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Gargantua’s Mouth


The perpetual menacings of danger oblige the government to be always  prepared to repel it; its armies must be numerous enough for instant  defense. The continual necessity for their services enhances the importance  of the soldier, and proportionally degrades the condition of the citizen.  The military state becomes elevated above the civil. The inhabitants of  territories, often the theatre of war, are unavoidably subjected to frequent  infringements on their rights, which serve to weaken their sense of those  rights; and by degrees the people are brought to consider the soldiery not  only as their protectors, but as their superiors. The transition from this  disposition to that of considering them masters, is neither remote nor  difficult; but it is very difficult to prevail upon a people under such  impressions, to make a bold or effectual resistance to usurpations supported  by the military power.”

-Alexander Hamilton

 “In the councils of government, we must guard against the acquisition of  unwarranted influence, whether sought or unsought, by the  military-industrial complex. The potential for the disastrous rise of  misplaced power exists and will persist.”

-Dwight Eisenhower, January 17,  1961 Farewell Address.

During pre game Super Bowl ceremonies Queen Latifah sang America the  Beautiful. Following her, American Idol winner Carrie Underwood began  warbling the Star Spangled Banner. Four jet fighters swished over the  stadium. Did any of the cheering crowd or the tens of millions watching on  TV ask how much it cost to have the thrill of two screaming jets offer the  public supersonic foreplay before extra large men smashed and bashed through  the thin membrane (the line) to reach the tantalizing quarterback?

In his farewell address, Eisenhower would not have dreamed of adding  military sports/entertainment complex to his now fabled military industrial,  military scientific and academic complexes. Rather, he called for  “statesmanship” by which he meant molding, balancing and integrating “these  and other forces, new and old, within the principles of our democratic  system — ever aiming toward the supreme goals of our free society.”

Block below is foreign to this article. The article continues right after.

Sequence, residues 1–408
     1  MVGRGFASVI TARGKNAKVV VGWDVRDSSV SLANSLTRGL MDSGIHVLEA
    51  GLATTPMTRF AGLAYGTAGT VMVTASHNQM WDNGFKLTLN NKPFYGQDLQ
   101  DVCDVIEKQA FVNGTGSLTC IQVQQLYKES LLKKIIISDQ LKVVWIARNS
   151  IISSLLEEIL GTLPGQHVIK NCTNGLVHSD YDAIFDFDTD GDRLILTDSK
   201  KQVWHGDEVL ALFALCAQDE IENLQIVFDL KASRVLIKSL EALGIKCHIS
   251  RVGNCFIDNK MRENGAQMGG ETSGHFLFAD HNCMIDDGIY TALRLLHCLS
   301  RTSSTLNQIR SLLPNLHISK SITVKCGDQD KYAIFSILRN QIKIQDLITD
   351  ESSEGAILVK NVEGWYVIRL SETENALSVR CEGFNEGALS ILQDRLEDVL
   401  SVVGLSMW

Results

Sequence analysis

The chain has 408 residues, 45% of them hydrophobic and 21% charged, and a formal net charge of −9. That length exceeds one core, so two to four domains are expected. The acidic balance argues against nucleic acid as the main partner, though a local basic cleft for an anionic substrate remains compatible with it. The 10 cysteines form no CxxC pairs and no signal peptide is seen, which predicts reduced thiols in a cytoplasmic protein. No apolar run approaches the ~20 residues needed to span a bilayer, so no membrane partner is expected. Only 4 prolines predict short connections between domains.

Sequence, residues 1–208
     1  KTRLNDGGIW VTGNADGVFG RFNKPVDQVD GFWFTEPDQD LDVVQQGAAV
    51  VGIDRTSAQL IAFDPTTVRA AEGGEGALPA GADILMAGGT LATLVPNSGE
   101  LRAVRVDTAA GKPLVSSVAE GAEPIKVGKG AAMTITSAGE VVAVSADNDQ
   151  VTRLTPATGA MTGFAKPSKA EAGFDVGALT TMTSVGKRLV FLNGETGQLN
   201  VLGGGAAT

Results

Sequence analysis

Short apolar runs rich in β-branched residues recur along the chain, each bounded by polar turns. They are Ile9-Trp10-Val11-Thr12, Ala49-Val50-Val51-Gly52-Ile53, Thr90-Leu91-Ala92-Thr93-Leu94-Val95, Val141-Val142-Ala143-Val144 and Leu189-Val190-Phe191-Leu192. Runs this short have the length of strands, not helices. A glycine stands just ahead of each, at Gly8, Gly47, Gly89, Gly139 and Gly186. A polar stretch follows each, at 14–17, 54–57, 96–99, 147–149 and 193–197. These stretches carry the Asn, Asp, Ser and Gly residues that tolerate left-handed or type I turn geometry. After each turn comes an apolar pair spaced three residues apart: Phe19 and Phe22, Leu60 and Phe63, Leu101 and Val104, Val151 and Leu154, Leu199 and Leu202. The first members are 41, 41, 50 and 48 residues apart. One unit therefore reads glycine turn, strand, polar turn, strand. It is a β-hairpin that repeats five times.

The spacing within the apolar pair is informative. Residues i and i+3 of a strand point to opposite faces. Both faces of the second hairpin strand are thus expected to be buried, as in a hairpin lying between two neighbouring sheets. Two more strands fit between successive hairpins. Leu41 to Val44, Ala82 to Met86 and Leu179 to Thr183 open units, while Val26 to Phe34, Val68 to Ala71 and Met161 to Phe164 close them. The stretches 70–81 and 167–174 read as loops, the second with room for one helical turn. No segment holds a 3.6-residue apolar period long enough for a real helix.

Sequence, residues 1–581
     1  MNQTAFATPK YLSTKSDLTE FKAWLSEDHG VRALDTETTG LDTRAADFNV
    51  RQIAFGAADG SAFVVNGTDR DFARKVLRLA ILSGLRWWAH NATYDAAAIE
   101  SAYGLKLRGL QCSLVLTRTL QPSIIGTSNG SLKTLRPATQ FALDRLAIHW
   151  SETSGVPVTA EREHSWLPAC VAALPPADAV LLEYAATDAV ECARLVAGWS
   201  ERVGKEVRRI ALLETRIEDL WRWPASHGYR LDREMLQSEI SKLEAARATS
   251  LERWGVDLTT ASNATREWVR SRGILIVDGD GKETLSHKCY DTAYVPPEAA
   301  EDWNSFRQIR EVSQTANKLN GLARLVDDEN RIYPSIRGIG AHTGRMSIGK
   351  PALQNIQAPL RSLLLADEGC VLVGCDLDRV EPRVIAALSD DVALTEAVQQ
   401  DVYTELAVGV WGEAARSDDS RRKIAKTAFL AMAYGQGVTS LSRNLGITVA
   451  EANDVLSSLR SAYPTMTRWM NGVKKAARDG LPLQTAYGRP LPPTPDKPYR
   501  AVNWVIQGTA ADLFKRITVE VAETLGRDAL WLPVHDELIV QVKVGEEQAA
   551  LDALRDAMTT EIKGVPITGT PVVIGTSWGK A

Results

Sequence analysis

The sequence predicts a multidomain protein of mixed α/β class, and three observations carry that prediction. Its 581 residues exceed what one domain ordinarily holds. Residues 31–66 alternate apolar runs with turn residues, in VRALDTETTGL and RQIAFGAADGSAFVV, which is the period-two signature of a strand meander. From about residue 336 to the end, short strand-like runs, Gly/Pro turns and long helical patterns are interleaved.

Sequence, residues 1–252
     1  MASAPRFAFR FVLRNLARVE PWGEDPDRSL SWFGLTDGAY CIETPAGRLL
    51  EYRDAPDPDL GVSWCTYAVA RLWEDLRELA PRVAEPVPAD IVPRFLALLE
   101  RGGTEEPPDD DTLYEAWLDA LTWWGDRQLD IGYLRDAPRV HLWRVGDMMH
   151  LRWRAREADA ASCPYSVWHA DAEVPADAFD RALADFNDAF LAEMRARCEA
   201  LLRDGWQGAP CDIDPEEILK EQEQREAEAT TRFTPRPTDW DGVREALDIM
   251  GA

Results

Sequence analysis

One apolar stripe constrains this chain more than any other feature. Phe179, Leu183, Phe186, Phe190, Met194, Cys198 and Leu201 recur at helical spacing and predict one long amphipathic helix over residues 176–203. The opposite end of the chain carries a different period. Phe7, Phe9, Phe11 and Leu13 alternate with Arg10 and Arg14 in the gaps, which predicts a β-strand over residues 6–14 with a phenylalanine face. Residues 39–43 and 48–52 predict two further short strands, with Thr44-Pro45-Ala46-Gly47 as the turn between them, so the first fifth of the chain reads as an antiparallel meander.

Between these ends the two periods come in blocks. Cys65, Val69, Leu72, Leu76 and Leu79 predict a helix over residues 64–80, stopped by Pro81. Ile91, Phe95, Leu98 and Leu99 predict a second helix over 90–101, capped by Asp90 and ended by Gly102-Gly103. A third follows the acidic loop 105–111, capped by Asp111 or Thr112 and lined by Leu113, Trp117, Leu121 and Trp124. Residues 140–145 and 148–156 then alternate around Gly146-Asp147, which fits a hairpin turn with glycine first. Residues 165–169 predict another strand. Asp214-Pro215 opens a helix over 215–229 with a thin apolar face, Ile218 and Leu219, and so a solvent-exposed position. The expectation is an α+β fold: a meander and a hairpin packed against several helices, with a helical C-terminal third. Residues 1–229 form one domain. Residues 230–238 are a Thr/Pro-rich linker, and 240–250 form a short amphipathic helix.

Empty rhetoric? Now, 44 cents of every taxpayer’s dollar feeds the military  budget at a time when no nation has a military capable of challenging us.  Maybe Obama should call for a national holiday just to appreciate the  failure of Presidents and Congresses to take Ike’s warning seriously.

The Orwellian name change from War Department to Defense Department should  have sparked national skepticism. Since 1947, DoD holds the world record for  spending, but has yet to defend the United States. Under the pretext of  defense, Truman sent troops to Korea (Eisenhower stopped U.S. involvement in  that war). Subsequently, U.S. troops have attacked and occupied more than a  dozen countries, none of whom threatened U.S. territory. (Korea, Dominican  Republic, Vietnam, Laos, Cambodia, Grenada, Panama, Libya, Somalia, the  former Yugoslavia, Iraq, and Afghanistan)

The DoD, however, cannot claim victory in its four major wars: Korea  (1950-3), Vietnam (1964-75), Afghanistan (2001-?) and Iraq (2003-?). Before  each invasion, war advocates shook the impending “domino” effect. Now it’s  the spread of terrorism. During the Cold War, all Asia would somehow fall  under red rule if the Chinese or Vietnamese Communists won in Korea or  Vietnam. The Communist Party still rules in China and Vietnam, both major  U.S. trade partners. U.S. forces triumphed in Grenada and Panama where they  met no major and ongoing resistance, and during Gulf War I, when Iraqi  troops retreated and got “turkey shot.”)